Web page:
JUNV belongs to the clade B New World (NW) of genus mammarenavirus that together with genus reptarenavirus form the Arenaviridae family (2). Most mammarenavirus are associated with rodent infections. The Old World (OW) choriomeningitis lymphocytic virus (LCMV) infects Mus musculus, and this explains its global distribution. In contrast, other strains of mammarenavirus infect rodents with a circumscribed geographical distribution that explains their endemicity (3). In their natural rodent host, mammarenavirus usually produce a persistent asymptomatic infection that may occasionally be transmitted to humans where it can cause severe hemorrhagic fever (HF). In addition to JUNV, other strains of mammarenavirus associated with HF are the NW Machupo (MACV) and Chapare (CHPV) viruses in Bolivia, Sabiá (SABV) in Brazil and the OW Lassa virus (LASV) in Africa. In contrast, other members such as the NW Tacaribe (TCRV) and Pichindé (PICV) or the OW Mopeia (MOPV) viruses do not cause disease (4). The mammarenavirus are etiological agents of emergent diseases because human activity facilitates contact with wild rodents in new ecological niches and, therefore, new isolates should be expected in the future (3).

Like other members of the same family, JUNVs are enveloped virions, ~120 nm in diameter, with a capsid of helicoidal symmetry that includes a variable number of ribosomes. The virions contain a bi-segmented single-stranded RNA genome, with both segments employing an ambisense coding strategy. The L segment contains genes encoding the RNA-dependent RNA polymerase (L) and the matrix protein (Z). However, the smaller S segment encodes the nucleoprotein (N) and the glycoprotein precursor (GPC) which, after post-translational cleavage, yields mature virion glycoproteins (G) G1, G2 and the stable signal peptide SSP that together will constitute the spikes that decorate the virus surface (5).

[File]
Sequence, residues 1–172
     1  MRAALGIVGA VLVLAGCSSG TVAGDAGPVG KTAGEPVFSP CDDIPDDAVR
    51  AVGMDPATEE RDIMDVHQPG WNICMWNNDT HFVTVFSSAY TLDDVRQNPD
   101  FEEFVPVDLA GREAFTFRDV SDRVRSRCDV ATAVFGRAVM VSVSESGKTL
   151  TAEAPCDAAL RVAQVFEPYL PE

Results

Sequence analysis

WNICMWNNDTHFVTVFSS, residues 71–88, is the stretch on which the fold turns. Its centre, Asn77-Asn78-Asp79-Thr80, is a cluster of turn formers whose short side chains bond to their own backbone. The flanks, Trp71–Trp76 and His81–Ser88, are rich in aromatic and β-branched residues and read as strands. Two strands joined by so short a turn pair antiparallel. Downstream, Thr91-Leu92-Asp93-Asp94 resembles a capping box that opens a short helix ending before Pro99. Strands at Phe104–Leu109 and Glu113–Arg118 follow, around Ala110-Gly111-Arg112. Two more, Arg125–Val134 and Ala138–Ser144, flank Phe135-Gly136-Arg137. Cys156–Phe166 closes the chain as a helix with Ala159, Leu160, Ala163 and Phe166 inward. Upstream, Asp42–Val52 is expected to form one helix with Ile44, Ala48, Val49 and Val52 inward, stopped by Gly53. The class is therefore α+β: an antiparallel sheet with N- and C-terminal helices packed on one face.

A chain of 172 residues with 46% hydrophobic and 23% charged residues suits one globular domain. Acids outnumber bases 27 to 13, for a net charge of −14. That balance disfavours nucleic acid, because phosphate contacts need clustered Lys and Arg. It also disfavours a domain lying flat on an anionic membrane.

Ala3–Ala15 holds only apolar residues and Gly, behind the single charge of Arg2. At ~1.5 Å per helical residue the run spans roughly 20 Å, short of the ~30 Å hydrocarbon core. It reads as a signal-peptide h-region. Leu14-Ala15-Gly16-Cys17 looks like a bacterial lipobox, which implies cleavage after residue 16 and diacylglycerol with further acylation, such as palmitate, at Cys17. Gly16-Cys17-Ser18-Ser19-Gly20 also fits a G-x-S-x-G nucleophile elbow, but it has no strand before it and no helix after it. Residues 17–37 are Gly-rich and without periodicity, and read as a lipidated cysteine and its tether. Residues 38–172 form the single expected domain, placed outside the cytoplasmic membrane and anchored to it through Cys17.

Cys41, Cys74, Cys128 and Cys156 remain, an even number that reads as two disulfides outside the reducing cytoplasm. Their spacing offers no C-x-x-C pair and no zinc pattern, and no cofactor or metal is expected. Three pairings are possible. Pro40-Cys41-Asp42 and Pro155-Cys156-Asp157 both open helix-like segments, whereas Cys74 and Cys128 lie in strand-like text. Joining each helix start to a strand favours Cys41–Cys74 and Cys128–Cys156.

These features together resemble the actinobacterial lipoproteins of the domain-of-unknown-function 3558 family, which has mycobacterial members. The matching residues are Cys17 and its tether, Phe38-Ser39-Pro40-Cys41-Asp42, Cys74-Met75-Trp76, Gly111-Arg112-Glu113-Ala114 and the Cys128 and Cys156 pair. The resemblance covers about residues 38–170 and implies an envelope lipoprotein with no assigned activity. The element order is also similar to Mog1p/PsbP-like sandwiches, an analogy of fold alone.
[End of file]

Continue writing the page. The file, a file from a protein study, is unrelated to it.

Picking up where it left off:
Macrophages are the most functionally diverse (plastic) cells of the hematopoietic system. Macrophages are found in all tissues and their main function is to respond to pathogens and modulate the adaptive immune response through antigen processing and presentation (6, 7). Macrophage activation has emerged as a key area of study in immunology, tissue homeostasis, disease pathogenesis and inflammation resolution (8). To accomplish such diverse functions, they mature under the influence of signals from the local microenvironment into either classical M1 or alternatively M2 activated macrophages. M1 macrophages are characterized by the production of high levels of pro-inflammatory cytokines, an ability to mediate resistance to pathogens, strong microbicidal properties, high production of reactive nitrogen and oxygen intermediates and promotion of Th1 responses. In contrast, M2 activated macrophages are characterized by their involvement in parasite control, resolution of inflammation, tissue remodeling, immune regulation, and Th2 promotion responses (6, 9).

In this study, we aimed to characterize the infection of macrophages using two strains of the same arenavirus with different pathogenic properties. For this purpose, we studied the infection of human macrophages by the attenuated C#1 and the pathogenic P strains of JUNV, using an in vitro model represented by human macrophage cell cultures.

Materials and Methods

Cells